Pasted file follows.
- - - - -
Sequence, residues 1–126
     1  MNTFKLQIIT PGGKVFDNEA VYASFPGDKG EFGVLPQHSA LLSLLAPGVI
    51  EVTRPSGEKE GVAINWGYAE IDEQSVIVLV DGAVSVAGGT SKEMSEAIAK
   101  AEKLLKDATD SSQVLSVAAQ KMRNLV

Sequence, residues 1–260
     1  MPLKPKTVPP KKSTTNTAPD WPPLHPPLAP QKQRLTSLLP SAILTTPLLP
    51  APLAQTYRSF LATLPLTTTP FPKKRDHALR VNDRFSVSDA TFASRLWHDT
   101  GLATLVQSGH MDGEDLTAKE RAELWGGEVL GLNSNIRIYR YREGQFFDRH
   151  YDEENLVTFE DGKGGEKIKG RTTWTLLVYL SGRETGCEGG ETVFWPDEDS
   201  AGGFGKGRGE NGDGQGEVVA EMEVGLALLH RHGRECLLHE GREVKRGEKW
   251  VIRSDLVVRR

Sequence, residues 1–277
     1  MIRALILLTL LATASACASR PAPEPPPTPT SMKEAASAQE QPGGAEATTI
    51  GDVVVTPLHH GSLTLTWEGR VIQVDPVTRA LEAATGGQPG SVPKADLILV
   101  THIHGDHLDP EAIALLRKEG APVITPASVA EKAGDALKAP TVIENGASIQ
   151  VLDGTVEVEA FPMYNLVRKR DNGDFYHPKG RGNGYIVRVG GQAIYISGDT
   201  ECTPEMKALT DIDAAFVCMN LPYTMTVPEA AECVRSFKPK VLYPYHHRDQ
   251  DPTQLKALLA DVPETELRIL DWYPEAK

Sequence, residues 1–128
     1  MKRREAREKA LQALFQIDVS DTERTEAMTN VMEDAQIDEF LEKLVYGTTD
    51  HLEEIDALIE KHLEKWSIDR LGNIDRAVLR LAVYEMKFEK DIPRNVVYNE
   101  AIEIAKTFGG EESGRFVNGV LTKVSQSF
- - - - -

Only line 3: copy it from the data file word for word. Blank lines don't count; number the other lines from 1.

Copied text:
    51  EVTRPSGEKE GVAINWGYAE IDEQSVIVLV DGAVSVAGGT SKEMSEAIAK